JUBA (Reuters) - South Sudanese rebels said on Thursday that more time is needed to secure lasting peace in the country and it would be necessary to address the root causes of a civil war.
“There is no shortcut to peace,” the group said in a statement after peace talks in Ethiopia between its leader Riek Machar and President Salva Kiir, the first time the two men had met since 2016, when a peace deal collapsed and fighting re-erupted between their forces.
SPLM/SPLA (IO) said the solution to the five-year civil war, which has killed tens of thousands of people and forced more than 3 million people to flee their homes, was to revisit the Comprehensive Peace Agreement (CPA).
The CPA was agreed in 2005 between Sudan and South Sudan that was aimed at ending the civil war in Sudan and paved the way for South Sudan to hold its ultimately successful secession.
“The current model, with its various workshops, though they are very informative, is unrealistic, as it is not for lack of technical experts that there is war in the country, nor will the workshops stop the war,” the group said.
The imposition of an agreement on the parties will not work, the statement said.
“For any meaningful dialogue to take place, it should be within the context of a comprehensive political settlement,” the group said. “So that the guns can fall silent and a conducive environment for dialogue established.”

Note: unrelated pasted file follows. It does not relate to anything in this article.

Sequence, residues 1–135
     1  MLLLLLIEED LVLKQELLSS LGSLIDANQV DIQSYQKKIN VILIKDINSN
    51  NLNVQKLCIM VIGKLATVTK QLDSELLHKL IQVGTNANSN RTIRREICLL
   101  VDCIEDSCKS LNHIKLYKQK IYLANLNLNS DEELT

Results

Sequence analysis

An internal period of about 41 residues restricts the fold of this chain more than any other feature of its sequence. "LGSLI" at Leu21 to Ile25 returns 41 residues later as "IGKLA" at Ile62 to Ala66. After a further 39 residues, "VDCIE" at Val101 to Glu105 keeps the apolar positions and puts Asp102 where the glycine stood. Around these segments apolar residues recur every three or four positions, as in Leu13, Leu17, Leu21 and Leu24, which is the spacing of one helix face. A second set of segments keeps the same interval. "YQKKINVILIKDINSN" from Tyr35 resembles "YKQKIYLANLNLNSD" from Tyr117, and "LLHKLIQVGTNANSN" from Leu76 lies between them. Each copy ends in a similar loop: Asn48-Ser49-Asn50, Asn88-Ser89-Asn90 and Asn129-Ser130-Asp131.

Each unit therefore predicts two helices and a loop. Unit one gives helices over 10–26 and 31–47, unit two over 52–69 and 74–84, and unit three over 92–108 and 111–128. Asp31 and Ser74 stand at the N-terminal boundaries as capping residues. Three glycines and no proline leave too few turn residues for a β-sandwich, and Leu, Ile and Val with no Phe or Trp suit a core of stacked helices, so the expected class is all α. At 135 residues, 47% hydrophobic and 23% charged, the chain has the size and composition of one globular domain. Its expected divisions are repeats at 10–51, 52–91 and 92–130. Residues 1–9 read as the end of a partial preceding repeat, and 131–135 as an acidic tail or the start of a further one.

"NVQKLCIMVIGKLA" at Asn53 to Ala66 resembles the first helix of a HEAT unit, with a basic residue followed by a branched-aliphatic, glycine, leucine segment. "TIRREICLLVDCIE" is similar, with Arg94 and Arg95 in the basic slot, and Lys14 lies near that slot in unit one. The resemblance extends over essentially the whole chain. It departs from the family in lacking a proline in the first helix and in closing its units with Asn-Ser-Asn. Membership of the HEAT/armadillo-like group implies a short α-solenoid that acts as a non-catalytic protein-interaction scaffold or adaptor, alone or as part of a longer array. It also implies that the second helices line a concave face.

Meanwhile, speaking in Addis Ababa, where the regional bloc IGAD was meeting, a South Sudanese government official said that, “President Salva Kiir is not ready in any way to work again with Riek Machar in the next transitional period.”
Michael Makuei Lueth, South Sudan’s information minister, said that while Machar is welcome to come to South Sudan President Kiir will not be working with him in the would be transitional government of national unity.
“We have had enough of him (Machar),” he said on Thursday evening in Addis Ababa after the regional bloc IGAD Heads of State Summit in Ethiopia’s capital. “We don’t want to have another fight...We want the government of South Sudan to continue and we want our people to live in peace and harmony and Riek Machar to wait for elections. This is our position.”
Reporting by Denis Dumo; Writing by Omar Mohammed; Editing by Matthew Mpoke Bigg, Alison Williams and Diane Craft